Floods in Bangladesh and north-eastern India have left millions of homes underwater and at least 18 people dead.
Both countries have requested military assistance to deal with the deluge. Officials fear that the situation could get worse with more rain expected for the weekend.
Police officials stated that at least 15 people were struck by lightning in Bangladesh on Friday. Four people were also killed in landslides.
Flooding in Bangladesh was caused by heavy rains that poured across Indian mountains. This expert said it could be the worst flooding since 2004.
According to the state disaster management agency, nine people were killed in floods in Assam, India. Two million more saw their homes submerged by floodwaters.
One of Asia’s most powerful rivers, the Brahmaputra, flooded its mud embankments and inundated 3,000 villages in 28 of Assam’s 33 districts.
“The volume and intensity of the rainfall has been unimaginable,” Sanjay O’Neil (a meteorological station official in Gauhati), Assam’s capital, stated. “We expect moderate-to heavy rainfall in many parts of Assam until Sunday.”
Incessant rains ravaged India for five days straight and caused several cancellations of train services. Flood waters submerged Halfong railway station, in southern Assam. They also deposited mud and silt on the tracks.
India’s army was asked to assist other disaster response agencies in rescuing stranded persons and providing food and essentials for those whose homes are under water.
An army official stated that speedboats are being used to rescue flood-hit residents.
Nearly 6 million people have been displaced by flooding caused by the monsoon rains in these two countries.
Districts near the Indian border in low-lying Bangladesh have been most affected.
According to Dhaka’s flood warning and forecasting centre, water levels are rising in all major rivers in the country. There are 130 rivers in the flood-prone country.
According to the centre, flooding will likely worsen in Sylhet and Sunamganj districts in the northeastern region, as well in Lalmonirhat and Kurigram districts in northern Bangladesh.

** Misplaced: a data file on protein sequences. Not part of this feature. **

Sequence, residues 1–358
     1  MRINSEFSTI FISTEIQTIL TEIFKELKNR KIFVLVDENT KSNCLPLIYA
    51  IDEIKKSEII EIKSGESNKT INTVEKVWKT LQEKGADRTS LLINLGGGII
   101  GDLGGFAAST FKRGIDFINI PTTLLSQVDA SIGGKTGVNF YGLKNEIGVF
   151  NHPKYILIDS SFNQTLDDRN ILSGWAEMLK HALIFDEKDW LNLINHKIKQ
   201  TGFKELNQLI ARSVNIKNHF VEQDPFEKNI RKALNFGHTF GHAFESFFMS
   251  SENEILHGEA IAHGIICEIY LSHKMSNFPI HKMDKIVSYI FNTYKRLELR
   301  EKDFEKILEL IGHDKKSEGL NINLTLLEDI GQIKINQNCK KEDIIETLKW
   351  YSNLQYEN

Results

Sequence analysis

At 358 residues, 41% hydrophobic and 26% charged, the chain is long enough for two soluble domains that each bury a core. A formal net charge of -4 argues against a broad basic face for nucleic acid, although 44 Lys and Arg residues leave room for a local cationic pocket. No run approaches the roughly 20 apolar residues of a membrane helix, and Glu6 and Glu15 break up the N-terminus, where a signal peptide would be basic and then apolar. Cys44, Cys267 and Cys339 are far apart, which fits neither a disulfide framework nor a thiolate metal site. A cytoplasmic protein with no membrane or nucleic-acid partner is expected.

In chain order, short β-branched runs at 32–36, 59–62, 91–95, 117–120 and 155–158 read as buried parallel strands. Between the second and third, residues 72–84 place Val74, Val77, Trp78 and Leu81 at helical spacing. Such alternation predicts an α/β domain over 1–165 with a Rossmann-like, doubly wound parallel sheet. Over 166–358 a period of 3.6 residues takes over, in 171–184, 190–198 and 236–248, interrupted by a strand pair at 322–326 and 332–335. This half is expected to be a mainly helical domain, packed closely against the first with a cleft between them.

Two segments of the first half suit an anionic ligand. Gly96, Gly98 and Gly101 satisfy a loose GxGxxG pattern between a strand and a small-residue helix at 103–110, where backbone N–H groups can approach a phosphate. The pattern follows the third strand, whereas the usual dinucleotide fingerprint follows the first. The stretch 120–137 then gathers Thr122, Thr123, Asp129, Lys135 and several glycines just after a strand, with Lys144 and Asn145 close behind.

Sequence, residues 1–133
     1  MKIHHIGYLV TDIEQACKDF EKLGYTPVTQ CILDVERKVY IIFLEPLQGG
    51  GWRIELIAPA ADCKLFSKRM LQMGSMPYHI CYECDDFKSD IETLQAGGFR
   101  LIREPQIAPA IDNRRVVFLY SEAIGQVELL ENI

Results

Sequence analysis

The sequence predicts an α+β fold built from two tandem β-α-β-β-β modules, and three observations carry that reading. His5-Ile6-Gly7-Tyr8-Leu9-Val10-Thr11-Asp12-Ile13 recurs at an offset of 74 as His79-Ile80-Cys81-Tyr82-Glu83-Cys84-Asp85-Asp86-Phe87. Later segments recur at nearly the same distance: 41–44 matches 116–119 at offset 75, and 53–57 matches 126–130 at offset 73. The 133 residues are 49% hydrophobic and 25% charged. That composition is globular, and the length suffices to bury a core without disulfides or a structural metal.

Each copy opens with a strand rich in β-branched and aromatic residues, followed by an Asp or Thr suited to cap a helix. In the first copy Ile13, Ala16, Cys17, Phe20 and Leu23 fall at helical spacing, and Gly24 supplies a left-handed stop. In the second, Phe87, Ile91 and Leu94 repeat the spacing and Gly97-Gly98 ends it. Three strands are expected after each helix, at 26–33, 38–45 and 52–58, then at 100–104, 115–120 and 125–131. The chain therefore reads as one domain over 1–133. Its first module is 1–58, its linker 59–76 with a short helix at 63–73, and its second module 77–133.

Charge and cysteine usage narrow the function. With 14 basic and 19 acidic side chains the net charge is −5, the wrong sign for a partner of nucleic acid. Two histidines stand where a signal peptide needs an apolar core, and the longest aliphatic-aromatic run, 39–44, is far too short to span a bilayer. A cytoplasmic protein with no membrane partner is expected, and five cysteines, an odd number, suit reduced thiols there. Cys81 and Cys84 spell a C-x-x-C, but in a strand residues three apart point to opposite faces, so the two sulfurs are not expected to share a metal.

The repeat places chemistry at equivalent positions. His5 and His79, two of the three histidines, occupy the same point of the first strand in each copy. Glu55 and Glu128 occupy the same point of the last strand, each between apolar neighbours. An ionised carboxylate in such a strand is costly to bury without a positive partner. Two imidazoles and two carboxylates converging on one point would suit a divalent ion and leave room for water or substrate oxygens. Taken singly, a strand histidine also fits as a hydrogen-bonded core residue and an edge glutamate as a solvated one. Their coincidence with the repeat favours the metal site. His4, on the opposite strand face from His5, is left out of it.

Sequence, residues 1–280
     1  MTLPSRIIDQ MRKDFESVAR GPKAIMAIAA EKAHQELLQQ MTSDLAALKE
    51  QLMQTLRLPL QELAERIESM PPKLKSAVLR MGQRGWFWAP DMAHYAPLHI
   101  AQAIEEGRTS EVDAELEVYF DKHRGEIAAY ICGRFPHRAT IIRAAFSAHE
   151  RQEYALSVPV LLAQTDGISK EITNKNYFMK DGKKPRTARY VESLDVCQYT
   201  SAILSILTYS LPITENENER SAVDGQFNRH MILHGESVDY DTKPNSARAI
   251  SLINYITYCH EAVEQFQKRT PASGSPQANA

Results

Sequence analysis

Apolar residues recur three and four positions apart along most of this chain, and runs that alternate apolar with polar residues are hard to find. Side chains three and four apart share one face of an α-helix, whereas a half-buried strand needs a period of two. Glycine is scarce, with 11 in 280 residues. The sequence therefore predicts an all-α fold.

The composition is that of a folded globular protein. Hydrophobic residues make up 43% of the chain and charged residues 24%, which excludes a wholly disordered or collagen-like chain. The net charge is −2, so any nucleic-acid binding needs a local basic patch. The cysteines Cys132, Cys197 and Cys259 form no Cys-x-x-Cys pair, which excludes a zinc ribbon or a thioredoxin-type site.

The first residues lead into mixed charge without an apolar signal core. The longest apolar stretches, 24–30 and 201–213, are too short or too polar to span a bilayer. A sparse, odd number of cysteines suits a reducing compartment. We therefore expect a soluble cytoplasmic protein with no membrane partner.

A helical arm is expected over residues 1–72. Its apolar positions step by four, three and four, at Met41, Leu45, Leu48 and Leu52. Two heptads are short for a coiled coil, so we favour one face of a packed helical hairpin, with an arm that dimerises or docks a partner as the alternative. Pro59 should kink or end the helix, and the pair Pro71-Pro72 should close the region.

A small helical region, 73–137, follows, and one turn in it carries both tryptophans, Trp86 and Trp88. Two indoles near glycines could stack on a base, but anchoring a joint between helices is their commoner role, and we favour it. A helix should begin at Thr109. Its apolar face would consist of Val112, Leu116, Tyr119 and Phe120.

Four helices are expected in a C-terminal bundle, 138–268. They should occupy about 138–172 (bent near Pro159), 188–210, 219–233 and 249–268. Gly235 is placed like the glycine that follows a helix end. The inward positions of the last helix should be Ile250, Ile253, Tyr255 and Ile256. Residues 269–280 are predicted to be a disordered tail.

According to Hafiz Ahmed, Osmani International Airport, Sylhet, flights have been grounded for three days because floodwaters are almost reaching the runway.
Bangladesh experiences a long, wet monsoon season. It also endures tropical storms that are generated in the Bay of Bengal’s warm waters.
As human activity heats up our planet, south Asia is experiencing hotter summers, higher rivers, and more flooding during monsoons. These events are also becoming less frequent.
Weather disruptions can have devastating effects on crop yields as well as disease. WaterAid, a charity, has warned that contamination of water can lead to severe disease outbreaks.
“Water and sanitation facilities are going to be destroyed, washed away,” WaterAid’s acting Country Director Hossain Adib said about “some of the most severe flooding in decades.”
As latrines and toilets overflow, clean water can be contaminated, increasing the risk of disease outbreaks. He called for better access to clean water.
The IPCC, a United Nations climate science group, estimates that Bangladeshi residents would have to relocate in the next ten years if global warming continues to accelerate due to rising sea levels.